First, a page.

The Roth IRA is a powerful retirement account, and it can offer powerful features such as the ability to pass down your nest egg tax-free to your heirs. That’s all part of the reason that many financial planners think the Roth IRA is the best retirement plan around.

3. Get your 401(k) in order

The new year is also a great time to refocus on your employer-sponsored 401(k) or get started on one if you haven’t already. The 401(k) plan — or its cousin, the 403(b) for government employees — provides a great way to save for retirement, and comes in two varieties: the traditional 401(k) and the Roth 401(k):

  • The traditional 401(k) allows you to save on a pre-tax basis, meaning you won’t pay income taxes on any contributions. You’ll be able to grow your money tax-deferred, and you’ll pay taxes only when you withdraw your money in retirement.
  • The Roth 401(k) lets you save on an after-tax basis, meaning you’ll pay taxes on any contributions. However, you can grow your money tax-free, and you’ll never have to pay tax on qualified withdrawals in retirement.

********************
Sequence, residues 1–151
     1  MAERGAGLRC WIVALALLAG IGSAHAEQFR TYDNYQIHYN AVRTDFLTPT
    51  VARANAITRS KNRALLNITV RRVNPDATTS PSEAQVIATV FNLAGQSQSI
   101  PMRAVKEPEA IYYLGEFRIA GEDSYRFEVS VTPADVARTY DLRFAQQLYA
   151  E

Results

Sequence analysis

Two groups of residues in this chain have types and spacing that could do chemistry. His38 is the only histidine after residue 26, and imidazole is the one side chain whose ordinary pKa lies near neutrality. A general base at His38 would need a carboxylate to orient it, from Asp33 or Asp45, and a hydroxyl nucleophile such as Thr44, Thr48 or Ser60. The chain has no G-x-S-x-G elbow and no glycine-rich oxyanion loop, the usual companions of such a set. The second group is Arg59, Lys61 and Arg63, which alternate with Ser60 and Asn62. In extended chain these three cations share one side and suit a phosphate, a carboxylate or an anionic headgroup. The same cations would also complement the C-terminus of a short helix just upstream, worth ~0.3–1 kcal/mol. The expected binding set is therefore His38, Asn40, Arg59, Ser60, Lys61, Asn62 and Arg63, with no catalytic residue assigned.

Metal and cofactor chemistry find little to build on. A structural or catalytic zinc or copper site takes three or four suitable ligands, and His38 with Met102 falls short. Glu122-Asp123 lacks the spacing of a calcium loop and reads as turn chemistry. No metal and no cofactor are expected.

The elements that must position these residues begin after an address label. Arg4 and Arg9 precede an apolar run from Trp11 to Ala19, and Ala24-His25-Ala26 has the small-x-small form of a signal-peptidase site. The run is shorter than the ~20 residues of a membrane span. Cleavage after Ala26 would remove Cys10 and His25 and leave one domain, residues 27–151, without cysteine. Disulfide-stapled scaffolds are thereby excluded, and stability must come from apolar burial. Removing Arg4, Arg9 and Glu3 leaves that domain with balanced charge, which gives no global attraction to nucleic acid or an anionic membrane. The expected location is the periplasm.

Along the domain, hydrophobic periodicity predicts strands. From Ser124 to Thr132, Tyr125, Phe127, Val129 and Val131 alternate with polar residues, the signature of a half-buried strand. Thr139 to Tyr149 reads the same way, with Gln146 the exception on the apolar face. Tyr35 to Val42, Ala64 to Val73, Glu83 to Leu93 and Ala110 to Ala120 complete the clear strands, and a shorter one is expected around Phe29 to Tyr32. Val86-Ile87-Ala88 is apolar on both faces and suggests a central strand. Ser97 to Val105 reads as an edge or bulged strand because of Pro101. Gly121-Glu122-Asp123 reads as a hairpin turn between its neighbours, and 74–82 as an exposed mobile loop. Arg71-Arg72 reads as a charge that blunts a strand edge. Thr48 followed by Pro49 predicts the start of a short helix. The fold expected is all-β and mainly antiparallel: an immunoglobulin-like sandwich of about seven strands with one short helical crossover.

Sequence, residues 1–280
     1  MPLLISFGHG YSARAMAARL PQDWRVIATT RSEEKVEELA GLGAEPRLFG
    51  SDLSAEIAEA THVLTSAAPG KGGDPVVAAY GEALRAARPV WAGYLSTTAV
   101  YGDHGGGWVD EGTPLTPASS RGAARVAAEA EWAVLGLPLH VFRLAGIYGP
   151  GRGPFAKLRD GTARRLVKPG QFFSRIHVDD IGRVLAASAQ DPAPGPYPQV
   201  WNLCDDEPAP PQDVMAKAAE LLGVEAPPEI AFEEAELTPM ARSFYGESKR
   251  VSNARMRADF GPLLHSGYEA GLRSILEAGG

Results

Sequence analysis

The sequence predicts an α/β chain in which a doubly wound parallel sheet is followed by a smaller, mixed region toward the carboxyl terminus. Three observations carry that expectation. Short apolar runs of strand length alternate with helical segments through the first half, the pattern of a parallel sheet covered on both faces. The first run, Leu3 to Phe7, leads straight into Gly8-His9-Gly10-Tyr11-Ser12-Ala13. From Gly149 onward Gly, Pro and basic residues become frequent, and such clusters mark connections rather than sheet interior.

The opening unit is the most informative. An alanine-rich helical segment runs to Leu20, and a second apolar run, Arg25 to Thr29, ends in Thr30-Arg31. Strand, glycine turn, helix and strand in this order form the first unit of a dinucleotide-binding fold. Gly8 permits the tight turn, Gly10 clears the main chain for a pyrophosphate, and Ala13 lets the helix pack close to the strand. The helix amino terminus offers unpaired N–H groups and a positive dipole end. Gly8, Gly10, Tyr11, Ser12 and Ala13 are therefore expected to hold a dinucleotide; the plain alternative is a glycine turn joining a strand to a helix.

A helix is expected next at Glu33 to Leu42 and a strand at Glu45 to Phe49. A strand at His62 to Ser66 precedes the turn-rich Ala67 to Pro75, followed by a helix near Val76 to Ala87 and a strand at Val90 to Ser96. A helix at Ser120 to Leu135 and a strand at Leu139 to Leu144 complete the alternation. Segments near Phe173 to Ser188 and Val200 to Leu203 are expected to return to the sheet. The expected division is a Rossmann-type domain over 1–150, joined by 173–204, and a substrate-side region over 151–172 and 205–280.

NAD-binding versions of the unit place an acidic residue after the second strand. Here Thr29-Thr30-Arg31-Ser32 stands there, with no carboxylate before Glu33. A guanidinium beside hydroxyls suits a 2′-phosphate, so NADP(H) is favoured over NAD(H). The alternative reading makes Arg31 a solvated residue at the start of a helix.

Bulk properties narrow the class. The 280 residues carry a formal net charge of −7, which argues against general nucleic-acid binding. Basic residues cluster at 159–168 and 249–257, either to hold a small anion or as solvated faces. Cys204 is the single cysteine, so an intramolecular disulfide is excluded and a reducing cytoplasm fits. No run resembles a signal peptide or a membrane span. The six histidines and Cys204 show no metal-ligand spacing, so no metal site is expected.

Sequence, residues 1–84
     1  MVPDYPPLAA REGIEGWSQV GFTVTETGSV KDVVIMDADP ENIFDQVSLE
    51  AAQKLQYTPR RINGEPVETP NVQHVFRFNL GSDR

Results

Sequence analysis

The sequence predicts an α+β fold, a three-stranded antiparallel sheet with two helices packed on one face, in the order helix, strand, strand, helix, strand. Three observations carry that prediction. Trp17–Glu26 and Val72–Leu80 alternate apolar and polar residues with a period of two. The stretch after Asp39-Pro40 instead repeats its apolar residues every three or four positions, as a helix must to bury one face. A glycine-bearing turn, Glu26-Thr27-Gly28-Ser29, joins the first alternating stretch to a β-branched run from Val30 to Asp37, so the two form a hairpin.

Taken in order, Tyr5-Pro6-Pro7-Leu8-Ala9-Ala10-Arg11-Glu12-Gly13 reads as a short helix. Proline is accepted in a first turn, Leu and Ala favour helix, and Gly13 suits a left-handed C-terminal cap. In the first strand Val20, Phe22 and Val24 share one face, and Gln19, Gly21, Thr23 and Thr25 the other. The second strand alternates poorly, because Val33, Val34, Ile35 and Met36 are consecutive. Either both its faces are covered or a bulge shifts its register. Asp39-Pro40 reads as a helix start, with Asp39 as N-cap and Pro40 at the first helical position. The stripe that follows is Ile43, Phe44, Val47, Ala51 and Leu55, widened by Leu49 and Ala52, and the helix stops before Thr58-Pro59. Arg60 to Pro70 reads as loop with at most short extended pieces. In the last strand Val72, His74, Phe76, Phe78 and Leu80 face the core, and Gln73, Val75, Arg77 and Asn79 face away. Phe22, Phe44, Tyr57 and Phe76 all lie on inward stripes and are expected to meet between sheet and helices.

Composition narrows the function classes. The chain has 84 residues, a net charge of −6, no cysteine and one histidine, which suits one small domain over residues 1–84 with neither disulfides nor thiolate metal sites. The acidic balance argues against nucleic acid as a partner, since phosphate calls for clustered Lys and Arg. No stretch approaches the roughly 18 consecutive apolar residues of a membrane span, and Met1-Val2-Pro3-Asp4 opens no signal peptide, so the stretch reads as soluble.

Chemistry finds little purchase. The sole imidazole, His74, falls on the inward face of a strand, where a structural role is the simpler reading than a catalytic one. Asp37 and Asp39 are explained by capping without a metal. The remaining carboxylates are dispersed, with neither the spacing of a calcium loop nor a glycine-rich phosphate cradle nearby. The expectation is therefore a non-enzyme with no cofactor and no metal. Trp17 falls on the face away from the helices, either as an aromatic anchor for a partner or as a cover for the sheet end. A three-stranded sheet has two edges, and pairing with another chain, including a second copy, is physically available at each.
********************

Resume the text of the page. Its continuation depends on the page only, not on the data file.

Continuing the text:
And unlike an IRA, “there are no income limits for making contributions to a 401(k),” says Jonathan Cahill, CFP, wealth advisor at Girard. But you cannot contribute more than you earn.

The maximum annual contribution to a 401(k) is $20,500 in 2022, and those age 50 and older can add an additional $6,500 per year as a catch-up contribution.

“Other benefits of a 401(k) plan include creditor protection, the ability to borrow against it or take early distributions without penalty for a first-time homebuyer,” Sudit says.

4. Maximize your employer’s 401(k) match